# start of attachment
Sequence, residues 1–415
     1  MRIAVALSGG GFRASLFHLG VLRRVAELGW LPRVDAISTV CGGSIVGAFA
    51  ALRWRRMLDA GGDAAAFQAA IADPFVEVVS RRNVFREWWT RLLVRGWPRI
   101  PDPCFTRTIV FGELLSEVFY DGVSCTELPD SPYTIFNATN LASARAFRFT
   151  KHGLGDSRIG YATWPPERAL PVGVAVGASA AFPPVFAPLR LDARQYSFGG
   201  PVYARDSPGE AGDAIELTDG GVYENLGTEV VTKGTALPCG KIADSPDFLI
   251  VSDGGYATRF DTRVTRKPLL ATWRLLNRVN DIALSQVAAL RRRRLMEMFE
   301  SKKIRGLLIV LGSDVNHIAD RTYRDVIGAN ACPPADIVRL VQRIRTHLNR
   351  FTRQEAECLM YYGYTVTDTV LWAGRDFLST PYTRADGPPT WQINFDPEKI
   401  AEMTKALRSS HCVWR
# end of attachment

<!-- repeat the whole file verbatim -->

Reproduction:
Sequence, residues 1–415
     1  MRIAVALSGG GFRASLFHLG VLRRVAELGW LPRVDAISTV CGGSIVGAFA
    51  ALRWRRMLDA GGDAAAFQAA IADPFVEVVS RRNVFREWWT RLLVRGWPRI
   101  PDPCFTRTIV FGELLSEVFY DGVSCTELPD SPYTIFNATN LASARAFRFT
   151  KHGLGDSRIG YATWPPERAL PVGVAVGASA AFPPVFAPLR LDARQYSFGG
   201  PVYARDSPGE AGDAIELTDG GVYENLGTEV VTKGTALPCG KIADSPDFLI
   251  VSDGGYATRF DTRVTRKPLL ATWRLLNRVN DIALSQVAAL RRRRLMEMFE
   301  SKKIRGLLIV LGSDVNHIAD RTYRDVIGAN ACPPADIVRL VQRIRTHLNR
   351  FTRQEAECLM YYGYTVTDTV LWAGRDFLST PYTRADGPPT WQINFDPEKI
   401  AEMTKALRSS HCVWR